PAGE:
To me, the really interesting possible matchup is in the D primary. Max Rose, a centrist in the Conor Lamb mold who held the seat between 2018 and 2020, has declared his candidacy and was almost certainly the best shot with the old maps. He would likely carry the new district handily. With the new map, though, the possibility has been floated that former NYC mayor Bill DeBlasio, who resides in one of the neighborhoods that was redistricted into NY-11, may run as well. DeBlasio, whom you may remember from such vanity projects as “DeBlasio for President,” is pretty strongly unpopular in the old NY-11 (that’s my sense of it anyway, though I don’t have data to back that up), and I’m concerned he’d find a way to lose.

    Possibly also interesting: if DeBlasio were to come out of the primary, the election against incumbent Nicole Malliotakis would be a rematch of the 2017 NYC mayoral election.

  • JP  On February 14, 2022 at 12:57 pm

    I think you might be overstating the Republican bias in the House in 2022, as redistricting will alter the picture from 2020 substantially. Stronger Democratic gerrymanders in Illinois, New York, New Mexico, Nevada, and Oregon, plus more neutral maps replacing GOP gerrymanders in Michigan, Pennsylvania, and possibly North Carolina and Ohio once the lawsuits are done. This will probably move the median district in the nation to the left on net compared to 2016 and 2020. My guess it Democrats would be competitive for a majority with a neutral-ish generic ballot.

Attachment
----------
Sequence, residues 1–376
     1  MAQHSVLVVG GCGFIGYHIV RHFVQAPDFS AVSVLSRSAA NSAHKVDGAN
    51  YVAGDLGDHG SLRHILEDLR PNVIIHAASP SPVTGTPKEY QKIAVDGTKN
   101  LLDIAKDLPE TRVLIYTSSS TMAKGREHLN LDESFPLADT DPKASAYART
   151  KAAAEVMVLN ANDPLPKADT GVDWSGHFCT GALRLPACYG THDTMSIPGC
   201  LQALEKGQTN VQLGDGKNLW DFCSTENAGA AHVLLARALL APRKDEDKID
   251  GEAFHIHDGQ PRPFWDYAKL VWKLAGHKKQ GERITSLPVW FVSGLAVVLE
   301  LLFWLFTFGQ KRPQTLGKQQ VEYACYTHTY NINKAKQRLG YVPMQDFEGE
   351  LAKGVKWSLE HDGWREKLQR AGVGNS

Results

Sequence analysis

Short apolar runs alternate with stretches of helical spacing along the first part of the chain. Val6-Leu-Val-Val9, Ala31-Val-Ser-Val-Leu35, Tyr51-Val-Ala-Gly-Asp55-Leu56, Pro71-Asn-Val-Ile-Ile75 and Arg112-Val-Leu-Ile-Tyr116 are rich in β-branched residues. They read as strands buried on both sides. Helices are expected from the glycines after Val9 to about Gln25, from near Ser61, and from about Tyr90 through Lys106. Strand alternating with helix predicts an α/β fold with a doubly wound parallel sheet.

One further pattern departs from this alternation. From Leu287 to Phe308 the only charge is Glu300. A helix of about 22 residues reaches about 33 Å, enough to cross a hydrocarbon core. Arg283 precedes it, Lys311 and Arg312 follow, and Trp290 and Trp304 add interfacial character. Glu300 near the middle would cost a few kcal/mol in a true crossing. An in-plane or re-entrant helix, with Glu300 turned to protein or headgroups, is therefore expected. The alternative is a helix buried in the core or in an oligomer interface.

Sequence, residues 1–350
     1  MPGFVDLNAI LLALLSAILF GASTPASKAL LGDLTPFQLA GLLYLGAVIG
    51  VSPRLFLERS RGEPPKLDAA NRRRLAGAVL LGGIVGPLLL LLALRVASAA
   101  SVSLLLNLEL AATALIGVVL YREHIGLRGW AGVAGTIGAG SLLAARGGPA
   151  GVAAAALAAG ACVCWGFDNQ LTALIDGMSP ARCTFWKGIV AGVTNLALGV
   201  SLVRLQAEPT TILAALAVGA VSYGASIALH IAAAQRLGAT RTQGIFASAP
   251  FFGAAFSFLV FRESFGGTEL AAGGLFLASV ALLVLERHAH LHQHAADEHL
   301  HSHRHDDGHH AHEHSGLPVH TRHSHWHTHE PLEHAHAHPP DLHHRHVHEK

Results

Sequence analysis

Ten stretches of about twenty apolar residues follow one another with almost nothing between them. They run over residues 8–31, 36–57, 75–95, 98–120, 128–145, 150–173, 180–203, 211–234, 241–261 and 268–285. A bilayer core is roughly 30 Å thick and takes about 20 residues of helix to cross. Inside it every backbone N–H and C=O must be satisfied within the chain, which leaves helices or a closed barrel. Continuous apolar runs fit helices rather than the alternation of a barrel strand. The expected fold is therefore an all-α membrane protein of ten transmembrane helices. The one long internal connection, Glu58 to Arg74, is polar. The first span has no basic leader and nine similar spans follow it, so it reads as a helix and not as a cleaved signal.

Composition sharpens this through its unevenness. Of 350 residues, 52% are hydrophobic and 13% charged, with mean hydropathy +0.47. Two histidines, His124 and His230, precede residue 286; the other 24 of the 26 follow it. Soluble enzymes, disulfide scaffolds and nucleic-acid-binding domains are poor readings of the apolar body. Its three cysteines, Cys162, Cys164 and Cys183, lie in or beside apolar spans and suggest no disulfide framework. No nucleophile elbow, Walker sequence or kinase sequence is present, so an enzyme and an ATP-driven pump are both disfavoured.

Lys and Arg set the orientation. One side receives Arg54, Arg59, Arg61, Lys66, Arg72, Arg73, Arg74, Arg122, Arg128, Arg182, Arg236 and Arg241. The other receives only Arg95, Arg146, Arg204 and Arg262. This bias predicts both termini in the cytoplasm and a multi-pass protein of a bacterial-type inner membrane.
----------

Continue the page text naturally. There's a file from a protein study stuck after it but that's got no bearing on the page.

With respect to local races, there is a group called The States Project that focuses on trying to protect and expand Democratic power in state legislatures, and they have a program called Give Smart where they try to identify marginal districts where donations and volunteer efforts will have the biggest impact. Small donations go a much longer way in low-dollar local races, since every federal race is a million+ dollar affair at this point, so I would recommend people look them up.

  • Laura  On February 14, 2022 at 1:29 pm

    What do you think about Emily’s list or Stacey Abrams’ Fair Fight as places to donate or join?

    • Anonymous  On February 20, 2022 at 4:18 pm

      Both are good organizations, in my opinion.

  • Dennis Maher  On February 14, 2022 at 2:29 pm

    A real service to Democrats would be an analysis of where to give this year, to the party groups, PACs, or individual candidates. I have given to DSSC and DSSS, DGA, and DNC, and Move On, but what about Obama’s PAC, or the States Project and Give Smart, mentioned by a commenter above. If you give $1 to the DNC, every Dem running for office will come after you….